“Australia are a shot, aren’t they?” is the question on everybody’s lips coming into the Rugby World Cup, which kicked off on the night of the 18th (AU time) with a match between hosts England facing Fiji which England won 36-11.

We may have lready had the upset of the Tournament with Japan defeating South Africa 34-32.

Australia kicks off with a match against Fiji on Wednesday the 23rd at 4:45 England time. Fiji will be desperate to recover from their initial loss to England. A second loss to Australia may well put them out of the running.

The Numbers

Australia is currently the world’s 2nd ranked team, but in a pool with the 4th (England), 5th (Ireland) and 9th (Wales) ranked teams, it is genuinely no exaggeration to say Australia has been drawn in the Pool of Death.  The other team in Australia’s pool, Uruguay, are ranked 19th and appear to be the token whipping boys of the Pool. They have already been defeated by Wales 54-9.

Australia are in form with a Rugby Championship win earlier this year, complete with a win over the All Blacks. A warm-up win against the USA at Soldier Field in Chicago (42-10) shows they have maintained their good form.

Other teams to watch

The other teams to watch are Ireland, France, and New Zealand.

Ireland are reigning Six Nations champions, with a very strong, under-rated team. An interrupted build-up with a few losses arguably isn’t what they wanted, but the fact they have been ranked as high as second this year shows that they are one of the teams to watch. European dark horse.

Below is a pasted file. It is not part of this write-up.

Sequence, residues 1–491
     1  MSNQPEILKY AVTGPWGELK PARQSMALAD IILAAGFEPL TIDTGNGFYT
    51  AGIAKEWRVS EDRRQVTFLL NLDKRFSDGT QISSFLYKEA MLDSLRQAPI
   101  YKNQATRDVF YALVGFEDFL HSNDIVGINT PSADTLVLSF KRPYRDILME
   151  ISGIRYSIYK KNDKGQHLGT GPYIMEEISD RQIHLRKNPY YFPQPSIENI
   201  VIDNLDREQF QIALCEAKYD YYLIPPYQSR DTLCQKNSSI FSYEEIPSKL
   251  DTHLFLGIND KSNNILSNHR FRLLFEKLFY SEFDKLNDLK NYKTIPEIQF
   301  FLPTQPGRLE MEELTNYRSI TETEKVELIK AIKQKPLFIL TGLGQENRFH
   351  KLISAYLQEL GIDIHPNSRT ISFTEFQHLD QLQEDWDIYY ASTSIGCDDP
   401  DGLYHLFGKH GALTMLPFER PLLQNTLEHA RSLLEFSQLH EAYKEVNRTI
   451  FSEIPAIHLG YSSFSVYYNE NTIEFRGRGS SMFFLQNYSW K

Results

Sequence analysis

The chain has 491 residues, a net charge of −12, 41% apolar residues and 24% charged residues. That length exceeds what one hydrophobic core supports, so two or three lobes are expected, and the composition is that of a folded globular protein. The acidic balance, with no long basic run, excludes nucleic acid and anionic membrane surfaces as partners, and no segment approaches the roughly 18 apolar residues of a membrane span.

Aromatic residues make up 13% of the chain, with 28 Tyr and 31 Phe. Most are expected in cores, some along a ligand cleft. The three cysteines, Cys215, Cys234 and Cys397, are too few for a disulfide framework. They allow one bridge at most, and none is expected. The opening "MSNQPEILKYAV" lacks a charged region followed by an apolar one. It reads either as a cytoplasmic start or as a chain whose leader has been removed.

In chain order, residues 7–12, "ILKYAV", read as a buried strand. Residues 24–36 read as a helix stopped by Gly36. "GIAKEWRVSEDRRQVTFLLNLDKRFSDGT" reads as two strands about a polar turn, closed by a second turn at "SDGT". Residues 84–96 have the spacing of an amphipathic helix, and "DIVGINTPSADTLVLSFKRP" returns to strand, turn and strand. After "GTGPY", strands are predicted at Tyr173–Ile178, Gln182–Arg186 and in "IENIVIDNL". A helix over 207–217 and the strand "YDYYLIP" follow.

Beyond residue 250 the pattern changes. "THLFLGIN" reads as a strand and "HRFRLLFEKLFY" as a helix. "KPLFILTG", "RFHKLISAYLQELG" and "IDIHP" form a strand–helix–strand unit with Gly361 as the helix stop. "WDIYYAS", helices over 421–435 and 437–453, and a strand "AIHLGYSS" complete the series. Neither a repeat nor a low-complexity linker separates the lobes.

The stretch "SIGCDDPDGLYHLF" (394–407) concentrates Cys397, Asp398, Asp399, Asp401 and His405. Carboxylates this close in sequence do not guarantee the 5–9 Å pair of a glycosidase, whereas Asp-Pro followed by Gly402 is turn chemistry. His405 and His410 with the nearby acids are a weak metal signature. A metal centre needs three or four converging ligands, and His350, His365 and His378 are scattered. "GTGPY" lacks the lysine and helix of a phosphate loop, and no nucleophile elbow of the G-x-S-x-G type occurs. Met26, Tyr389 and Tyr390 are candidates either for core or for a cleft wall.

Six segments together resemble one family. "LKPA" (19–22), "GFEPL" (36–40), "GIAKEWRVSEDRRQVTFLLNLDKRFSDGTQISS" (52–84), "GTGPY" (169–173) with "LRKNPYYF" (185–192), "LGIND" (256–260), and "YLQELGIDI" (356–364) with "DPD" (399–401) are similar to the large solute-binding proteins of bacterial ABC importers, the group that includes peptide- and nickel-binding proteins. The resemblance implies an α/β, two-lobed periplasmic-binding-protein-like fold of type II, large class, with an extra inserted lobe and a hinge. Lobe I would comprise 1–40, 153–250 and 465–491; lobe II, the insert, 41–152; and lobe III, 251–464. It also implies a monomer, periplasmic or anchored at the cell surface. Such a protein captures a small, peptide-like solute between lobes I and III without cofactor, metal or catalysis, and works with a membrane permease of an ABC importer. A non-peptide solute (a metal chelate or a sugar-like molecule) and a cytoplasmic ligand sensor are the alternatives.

France is the team that everyone wants to watch, as their last two World Cup results have showed. They have already defeated Italy 32-10.

They made the semi-finals in 2007 and the final in 2011, showing they show up for World Cups. France’s issue is consistency and defence, as shown in this years’ 6 Nations, where they scored 103 points and conceded 101, both scoring and conceding 9 tries. When on song, France are electric and the best team in the world to watch bar none. But they are extremely inconsistent, which means they probably won’t win but they could go far.

New Zealand are ranked number 1 in the world for good reason. They are ranked 6 points above Australia, in second, on the IRB rankings. For context, 6 points separates 2nd and 8th in the IRB Rankings, showing how utterly dominant the All Blacks are. They are overwhelming favourites, and surely must win this World Cup, or leave an entire Rugby mad nation disappointed.

New Zealand are off to a good start defeating Argentina 26-6.

How can Australia win?

Top the pool, first and foremost. Easier said than done, with England and Wales likely to pose a major challenge, and Fiji always unpredictable. A win against Fiji this Wednesday is no foregone conclusion. Containing their powerhouse winger Nemani Nadolo will very much on the minds of the Wallaby backs.

If Australia do finish first in their Pool, they will play the runner up in Pool B, which is currently assumed to be Scotland. Assuming Australia wins this game, they are likely to play New Zealand in a semi-final. Which is, for obvious reasons, not preferred.